What makes a place holy? A look at the word “ha-makom” (the place) in Torah provides some perspective.
The word ha-makom is repeated throughout the beginning of parshat Vayetze. On Yacov’s journey from Be’ersheva to Haran: “He came upon that place (ba-makom)…” What is that place? Rashi identifies it with the unnamed place in the akedah story: Abraham “looked up and saw the place (ha-makom) from afar,” which was in the land of Moriah. Both avot experience revelation from God there. The beit hamikdash is also referred to as ha-makom in Tanach. Hence, the midrash associates “the place” with Mt. Moriah, in Jerusalem, where the Temple was built.
However, Yacov called this place Beit-El, formerly called Luz, seemingly not in Jerusalem. Rashbam says it was a place just outside of Luz. Rashi reinforces the interpretation that the place was Mt. Moriah/Jerusalem and suggests several solutions: 1) Yacov’s famous ladder between heaven and earth extended from Be’ersheva to Beit-El and the middle of the slope was opposite Jerusalem. 2) Yacov was in Jerusalem and named it Beit-El, or 3) the ground shrunk and Mt. Moriah was miraculously transported to Luz.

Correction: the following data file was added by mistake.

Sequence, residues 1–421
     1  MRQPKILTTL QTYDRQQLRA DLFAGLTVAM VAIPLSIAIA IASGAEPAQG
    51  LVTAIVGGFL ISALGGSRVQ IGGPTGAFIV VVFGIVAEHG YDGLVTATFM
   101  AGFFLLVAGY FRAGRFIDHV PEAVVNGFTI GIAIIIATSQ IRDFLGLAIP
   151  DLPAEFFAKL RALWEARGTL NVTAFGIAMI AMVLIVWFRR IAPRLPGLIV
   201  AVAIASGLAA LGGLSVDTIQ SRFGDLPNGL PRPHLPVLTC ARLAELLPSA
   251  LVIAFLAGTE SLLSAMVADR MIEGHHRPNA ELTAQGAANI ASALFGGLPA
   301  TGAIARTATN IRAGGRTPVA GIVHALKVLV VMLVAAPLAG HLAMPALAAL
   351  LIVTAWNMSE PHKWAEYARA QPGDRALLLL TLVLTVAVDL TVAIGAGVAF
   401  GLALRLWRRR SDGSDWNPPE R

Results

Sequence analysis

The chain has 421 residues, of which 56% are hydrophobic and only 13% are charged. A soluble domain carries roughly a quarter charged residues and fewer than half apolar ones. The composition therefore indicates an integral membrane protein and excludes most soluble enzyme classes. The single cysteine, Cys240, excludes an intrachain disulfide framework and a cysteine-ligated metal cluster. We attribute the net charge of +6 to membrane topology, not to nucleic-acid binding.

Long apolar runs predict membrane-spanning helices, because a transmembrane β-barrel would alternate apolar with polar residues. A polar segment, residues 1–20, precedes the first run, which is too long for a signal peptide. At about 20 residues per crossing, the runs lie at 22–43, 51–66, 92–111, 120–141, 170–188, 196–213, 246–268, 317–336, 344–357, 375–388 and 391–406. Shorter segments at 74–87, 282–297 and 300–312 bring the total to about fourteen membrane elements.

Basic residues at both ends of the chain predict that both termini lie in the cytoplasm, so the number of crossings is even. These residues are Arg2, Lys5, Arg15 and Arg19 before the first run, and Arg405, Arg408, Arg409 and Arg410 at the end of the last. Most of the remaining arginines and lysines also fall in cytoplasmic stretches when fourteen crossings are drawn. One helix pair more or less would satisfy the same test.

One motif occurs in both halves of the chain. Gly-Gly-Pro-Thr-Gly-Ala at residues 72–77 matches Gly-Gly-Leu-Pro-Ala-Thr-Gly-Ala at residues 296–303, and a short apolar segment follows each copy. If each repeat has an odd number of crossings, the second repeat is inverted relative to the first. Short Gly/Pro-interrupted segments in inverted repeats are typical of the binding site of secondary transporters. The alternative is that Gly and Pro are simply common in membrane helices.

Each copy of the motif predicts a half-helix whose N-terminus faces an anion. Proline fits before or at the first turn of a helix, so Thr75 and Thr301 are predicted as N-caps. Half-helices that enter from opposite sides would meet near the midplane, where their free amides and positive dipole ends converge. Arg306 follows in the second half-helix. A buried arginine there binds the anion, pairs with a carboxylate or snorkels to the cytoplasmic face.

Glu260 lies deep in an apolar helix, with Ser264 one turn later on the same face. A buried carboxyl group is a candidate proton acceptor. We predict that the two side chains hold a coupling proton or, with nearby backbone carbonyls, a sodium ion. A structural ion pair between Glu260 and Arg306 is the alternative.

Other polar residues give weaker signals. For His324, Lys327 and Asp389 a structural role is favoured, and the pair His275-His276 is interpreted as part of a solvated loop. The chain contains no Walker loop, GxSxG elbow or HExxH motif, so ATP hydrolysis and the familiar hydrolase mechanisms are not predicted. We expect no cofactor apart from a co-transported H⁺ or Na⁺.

These interpretations attribute deep meaning and historical-religious significance to the holiest place in Judaism. Yacov may have been in one place, but somehow was connected or transported to “the place” – Jerusalem. Similarly, the Talmud Brachot teaches that (after the Temple was destroyed) the Shekhina resides in a Beit Knesset or wherever people congregate to pray, carry out justice or learn Torah, as God will come and bless us in “all the places where I cause My Name to be mentioned.”
Ha-Makom is also one of the names of God in rabbinic literature. When we study Torah, do justice, and pray facing Jerusalem, we too are drawing on the holiness of Ha-makom and imbuing our spaces and places with holiness. Shabbat Shalom – Karen Miller Jackson